Being born and raised in Boston was a distinct advantage in getting to know intimately all of the streets and restaurants and hang-outs frequented by the main character of Neon Dragon, Michael Knight. Six years at Boston Latin School, the oldest school in the country (1635), and the school at which my dad taught for thirty-five years, gave me a wonderful grounding in all of the tools a writer needs, from the basic tool – the English language, to a love of history which is, at base, story-telling.

John Dobbyn with Dogs

Just as Boston Latin School became the first feeder school for Harvard College, which was founded the following year, I was fortunate in following the same path, with a further honing of the tools through a major in Latin and linguistics.

The next adventure was three years in the United States Air Force as a radar and radio director of fighter aircraft in the Air Defense Command. Four weeks before being discharged from the Air Force, and without a clue as to where I’d go from there, the Lord provided an answer in the form of a fellow lieutenant and skiing friend who was a lawyer in the Judge Advocate General’s Corps. Bob Johnson invited me to attend a trial in which he was defense counsel for a sergeant charged with incest. I sat as a spectator in that courtroom for three days (working the midnight shift each night), and on the fourth day, I applied to law school.

My first position after three years at Boston College Law School was as law clerk to the finest gentleman who ever sat on the Federal District Court bench – Judge Anthony Julian. He made it the consummate graduate course in law and ethics and in finding the humanity behind the legal issues. It was also like an introduction to “central casting” of a movie studio in that I gained a catalogue of characters for future stories by way of both the lawyers and their clients who appeared in the Judge’s courtroom.

Many more in my personal catalogue of characters and situations came from work as a trial lawyer with the firm of Burns and Levinson in Boston. That led to two of the best decisions of my life. The first, and clearly the best, was to ask Lois (then McLane) to become my wife, my partner-in-everything, and my very best friend for a lifetime.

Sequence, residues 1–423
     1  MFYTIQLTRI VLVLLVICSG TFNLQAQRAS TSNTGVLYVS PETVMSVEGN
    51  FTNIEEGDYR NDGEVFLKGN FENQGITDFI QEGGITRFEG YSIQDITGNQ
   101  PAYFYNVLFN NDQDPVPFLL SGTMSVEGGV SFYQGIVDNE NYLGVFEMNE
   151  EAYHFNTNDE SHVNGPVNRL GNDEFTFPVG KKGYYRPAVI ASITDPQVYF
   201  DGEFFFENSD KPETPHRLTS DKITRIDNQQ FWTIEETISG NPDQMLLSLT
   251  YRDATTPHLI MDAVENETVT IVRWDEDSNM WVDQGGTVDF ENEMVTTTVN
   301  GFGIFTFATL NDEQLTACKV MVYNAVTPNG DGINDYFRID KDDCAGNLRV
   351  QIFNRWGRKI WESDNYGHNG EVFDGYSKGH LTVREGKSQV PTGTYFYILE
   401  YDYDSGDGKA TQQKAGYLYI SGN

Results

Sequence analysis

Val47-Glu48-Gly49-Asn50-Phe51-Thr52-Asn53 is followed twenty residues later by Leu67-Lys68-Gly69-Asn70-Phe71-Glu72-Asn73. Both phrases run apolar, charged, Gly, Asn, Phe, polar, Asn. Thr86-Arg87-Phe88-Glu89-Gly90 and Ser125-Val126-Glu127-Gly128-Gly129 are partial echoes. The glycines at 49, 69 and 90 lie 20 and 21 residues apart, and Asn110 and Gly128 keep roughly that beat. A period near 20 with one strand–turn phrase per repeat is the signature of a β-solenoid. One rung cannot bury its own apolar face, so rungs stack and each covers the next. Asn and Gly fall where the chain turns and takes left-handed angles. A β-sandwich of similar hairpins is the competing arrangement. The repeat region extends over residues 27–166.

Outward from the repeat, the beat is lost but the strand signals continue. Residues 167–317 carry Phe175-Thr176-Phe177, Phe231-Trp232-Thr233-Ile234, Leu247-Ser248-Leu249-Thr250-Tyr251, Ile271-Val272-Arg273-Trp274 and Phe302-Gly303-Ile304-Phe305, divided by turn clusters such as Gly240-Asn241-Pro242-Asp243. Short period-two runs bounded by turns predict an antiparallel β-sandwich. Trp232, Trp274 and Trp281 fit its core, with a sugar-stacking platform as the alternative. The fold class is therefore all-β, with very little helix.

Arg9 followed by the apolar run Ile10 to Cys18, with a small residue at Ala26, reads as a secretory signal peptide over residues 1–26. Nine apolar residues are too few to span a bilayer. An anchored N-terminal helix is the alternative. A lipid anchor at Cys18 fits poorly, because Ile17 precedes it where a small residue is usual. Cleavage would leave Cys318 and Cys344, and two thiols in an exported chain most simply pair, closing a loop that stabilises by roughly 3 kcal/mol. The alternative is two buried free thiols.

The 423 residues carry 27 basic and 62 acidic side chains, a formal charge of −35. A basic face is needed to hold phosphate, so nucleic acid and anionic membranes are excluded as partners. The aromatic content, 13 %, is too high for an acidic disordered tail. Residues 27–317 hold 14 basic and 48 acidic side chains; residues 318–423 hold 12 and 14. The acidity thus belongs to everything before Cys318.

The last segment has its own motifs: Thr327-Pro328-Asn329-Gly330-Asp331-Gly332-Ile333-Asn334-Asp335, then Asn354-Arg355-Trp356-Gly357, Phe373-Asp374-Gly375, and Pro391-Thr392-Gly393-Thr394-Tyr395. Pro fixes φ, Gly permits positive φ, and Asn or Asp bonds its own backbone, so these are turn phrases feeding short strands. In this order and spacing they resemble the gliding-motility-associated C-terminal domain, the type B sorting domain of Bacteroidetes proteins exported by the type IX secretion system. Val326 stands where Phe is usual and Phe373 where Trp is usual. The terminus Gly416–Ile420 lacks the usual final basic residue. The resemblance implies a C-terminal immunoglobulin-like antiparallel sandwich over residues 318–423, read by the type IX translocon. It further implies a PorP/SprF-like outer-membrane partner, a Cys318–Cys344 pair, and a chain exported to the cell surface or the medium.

The second best decision was to follow my dad’s example and become a teacher. After going to Harvard Law School for a Master of Laws degree in order to see some of the varsity team of law professors practice the art, I was fortunate in taking a position as professor of law at Villanova Law School. Lois and I moved to Valley Forge in Pennsylvania where we have been for the better part of our lives and where we raised our son John. Needless to say, bits and pieces of character traits for use in stories have abounded in the form of my many colleagues and students over the years.

John Dobbyn with Wife in Red DressSome fifteen years ago, in order to be with Lois while she took an evening course in tennis with the Main Line Night School, I opted for a course in Creative Writing with a wonderful writer of children’s fiction, Jean Berg. As an assignment, I wrote a short detective story involving a blind professor as the sleuth. By some miracle, it sold to Mike Shayne’s Mystery Magazine. That set the hook.

Once set, the hook holds – even through enough rejection slips for future stories to paper a small ballroom. Eventually – in fact, because of the rejection slips – I learned the hidden parts of the trade of story-telling well enough eventually to sell a story to Ellery Queen’s Mystery Magazine. That one was followed by about twenty-five short stories in both Ellery Queen and Alfred Hitchcock’s Mystery Magazine.

At long last, in March of 2007, I was fortunate in breaking through that most difficult barrier, and my first mystery/legal thriller novel was published. It allowed me to partner with my two favorite characters, Michael Knight and Lex Devlin, to weave an adventure through the streets of Boston’s Chinatown. God willing, Michael and Lex and I will share future adventures in those wonderful haunts of Boston that I spent the first thirty years of my life learning to know and love.